- Illustration by Adam Vieyra
The law is finally catching up with Judge Gary Kreep.
The far-right zealot and political profiteer—perhaps best known for leading the “Birther” movement’s crusade against President Barack Obama—won a seat on the San Diego County Superior Court bench in the summer of 2012. In a series of stories, CityBeat drew back the skin of Kreep’s political machine, revealing a complex circulatory system of payments that may have run afoul of state campaign laws and the judicial ethics code.
Last month, the state watchdog that investigates political-ethics cases determined that Kreep broke the Political Reform Act twice when he failed to report payments he made to, and received from, a controversial campaign committee already under intense scrutiny from the California Legislature for its deceptive practices. The Fair Political Practices Commission, as U-T San Diego first reported, let Kreep off with a formal warning that the next time he’ll face a penalty of up to $5,000 for each violation. In exchange, Kreep amended his official reports to include the previously hidden transactions.
While the warning may seem like a slap on the wrist, the definitive finding could lend fuel to future investigations.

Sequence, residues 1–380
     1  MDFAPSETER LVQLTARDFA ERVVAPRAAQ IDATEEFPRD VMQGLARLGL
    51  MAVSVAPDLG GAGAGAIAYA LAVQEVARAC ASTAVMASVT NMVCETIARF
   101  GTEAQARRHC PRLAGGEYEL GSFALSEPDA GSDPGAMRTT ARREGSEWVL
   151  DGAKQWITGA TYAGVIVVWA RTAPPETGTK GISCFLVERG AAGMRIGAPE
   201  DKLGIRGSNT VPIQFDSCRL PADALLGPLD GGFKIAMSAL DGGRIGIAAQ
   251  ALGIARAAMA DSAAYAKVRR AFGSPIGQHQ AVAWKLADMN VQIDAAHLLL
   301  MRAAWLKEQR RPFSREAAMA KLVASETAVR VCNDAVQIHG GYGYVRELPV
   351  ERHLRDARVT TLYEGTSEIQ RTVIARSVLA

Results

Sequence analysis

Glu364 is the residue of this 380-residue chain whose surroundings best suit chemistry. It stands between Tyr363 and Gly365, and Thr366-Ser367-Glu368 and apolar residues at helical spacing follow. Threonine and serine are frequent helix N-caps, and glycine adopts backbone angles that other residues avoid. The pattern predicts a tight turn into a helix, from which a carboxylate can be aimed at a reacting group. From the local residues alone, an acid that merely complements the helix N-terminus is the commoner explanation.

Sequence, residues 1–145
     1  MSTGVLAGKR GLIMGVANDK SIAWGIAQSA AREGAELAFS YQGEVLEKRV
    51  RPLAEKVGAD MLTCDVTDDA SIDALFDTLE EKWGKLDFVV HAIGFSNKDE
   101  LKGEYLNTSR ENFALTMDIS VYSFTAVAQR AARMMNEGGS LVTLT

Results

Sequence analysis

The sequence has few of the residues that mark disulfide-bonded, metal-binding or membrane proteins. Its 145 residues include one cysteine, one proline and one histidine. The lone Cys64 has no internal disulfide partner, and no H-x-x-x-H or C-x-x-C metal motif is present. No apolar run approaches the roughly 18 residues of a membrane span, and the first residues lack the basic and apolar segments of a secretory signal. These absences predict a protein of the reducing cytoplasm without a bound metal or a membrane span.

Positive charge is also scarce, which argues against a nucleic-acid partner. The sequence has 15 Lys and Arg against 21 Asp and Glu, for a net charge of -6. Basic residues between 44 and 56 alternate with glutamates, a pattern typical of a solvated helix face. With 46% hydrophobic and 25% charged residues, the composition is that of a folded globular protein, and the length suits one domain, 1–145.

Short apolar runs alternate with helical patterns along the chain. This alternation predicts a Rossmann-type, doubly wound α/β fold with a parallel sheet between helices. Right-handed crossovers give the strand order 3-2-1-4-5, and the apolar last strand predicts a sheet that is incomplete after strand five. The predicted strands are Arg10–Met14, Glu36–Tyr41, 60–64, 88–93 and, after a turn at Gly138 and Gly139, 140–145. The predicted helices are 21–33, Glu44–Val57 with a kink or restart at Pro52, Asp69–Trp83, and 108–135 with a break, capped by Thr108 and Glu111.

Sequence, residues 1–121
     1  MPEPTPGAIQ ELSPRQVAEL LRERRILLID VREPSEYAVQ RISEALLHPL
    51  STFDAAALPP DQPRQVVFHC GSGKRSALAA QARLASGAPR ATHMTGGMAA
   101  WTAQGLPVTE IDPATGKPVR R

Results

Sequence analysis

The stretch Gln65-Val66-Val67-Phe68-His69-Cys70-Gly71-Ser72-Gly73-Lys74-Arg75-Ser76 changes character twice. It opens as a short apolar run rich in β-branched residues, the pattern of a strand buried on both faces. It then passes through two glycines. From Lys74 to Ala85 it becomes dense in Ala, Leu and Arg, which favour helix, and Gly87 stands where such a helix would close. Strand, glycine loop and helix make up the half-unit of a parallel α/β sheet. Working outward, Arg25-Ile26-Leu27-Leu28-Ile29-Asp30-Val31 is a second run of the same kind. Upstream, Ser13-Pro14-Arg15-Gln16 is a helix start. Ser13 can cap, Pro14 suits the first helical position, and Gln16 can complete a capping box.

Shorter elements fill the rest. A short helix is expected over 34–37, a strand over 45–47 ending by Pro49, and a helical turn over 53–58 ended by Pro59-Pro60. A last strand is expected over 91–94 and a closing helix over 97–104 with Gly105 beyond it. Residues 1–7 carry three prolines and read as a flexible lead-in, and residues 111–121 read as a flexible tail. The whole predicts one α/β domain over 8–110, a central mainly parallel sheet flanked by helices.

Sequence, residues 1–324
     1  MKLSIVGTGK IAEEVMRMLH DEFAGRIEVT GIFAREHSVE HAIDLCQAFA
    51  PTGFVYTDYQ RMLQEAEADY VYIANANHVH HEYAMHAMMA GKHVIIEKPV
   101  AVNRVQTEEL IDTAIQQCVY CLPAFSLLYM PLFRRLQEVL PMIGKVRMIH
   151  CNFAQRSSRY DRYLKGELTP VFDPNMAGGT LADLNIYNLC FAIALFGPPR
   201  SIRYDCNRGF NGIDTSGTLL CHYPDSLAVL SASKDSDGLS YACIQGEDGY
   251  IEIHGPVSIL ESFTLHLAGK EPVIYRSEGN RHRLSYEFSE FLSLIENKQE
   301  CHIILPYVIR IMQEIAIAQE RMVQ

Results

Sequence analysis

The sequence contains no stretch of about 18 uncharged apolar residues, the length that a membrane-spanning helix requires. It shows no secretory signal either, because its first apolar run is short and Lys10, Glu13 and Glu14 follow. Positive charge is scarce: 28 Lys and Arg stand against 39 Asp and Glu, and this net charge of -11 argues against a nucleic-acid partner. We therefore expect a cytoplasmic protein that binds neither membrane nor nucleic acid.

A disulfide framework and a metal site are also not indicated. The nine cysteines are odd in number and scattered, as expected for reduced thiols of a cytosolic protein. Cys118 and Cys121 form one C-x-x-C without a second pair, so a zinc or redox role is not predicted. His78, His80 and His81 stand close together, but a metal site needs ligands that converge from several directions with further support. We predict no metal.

For decades, Kreep led the United States Justice Foundation, a nonprofit law office and advocacy organization rooted in a far-right interpretation of the Constitution. Under Kreep’s direction, USJF targeted top Democratic officials—including Ted Kennedy, Hillary Clinton and Barack Obama— with lawsuits alleging fringe conspiracies. Kreep also made a name for himself in the so-called “family values” anti-gay and anti-abortion movements and served as general counsel to one of the most militant factions of the Minutemen.
Also for decades, Kreep’s operated a sophisticated propaganda machine that made him, and his cohorts, wealthy. Through numerous political committees, Kreep and his allies would send out hate-mongering mass mailings to raise funds to send out even more outrageous mail.
On the federal level, the political-action committees (or PACs) included groups like Justice-PAC, Beat Obama PAC and the Republican Majority Campaign PAC, for which Kreep previously listed himself as chairman. Kreep and his crew took generous cuts of the haul: Randy Goodwin collected payments for accounting services; James Lacy, who runs the political-services firm Landslide Communications, collected payments for mailers and robocalls; and Kreep received payments for legal services, as well as for renting space in his office.
Goodwin also served as treasurer for Kreep’s judge campaign and channeled money from the various federal PACs to Kreep’s war chest. Meanwhile, Lacy’s company operates a number of slate-mail organizations, which send out direct mail promoting numerous candidates, which paid Kreep as a consultant.
Sound confusing? It was enough to befuddle Kreep, too.
Through the California Public Records Act, CityBeat obtained the FPPC’s investigative file on Kreep, which included correspondence from Kreep’s attorney. According to the letter, Kreep couldn’t remember which committees he chaired and had to retract his disclosure that he led the Beat Obama PAC.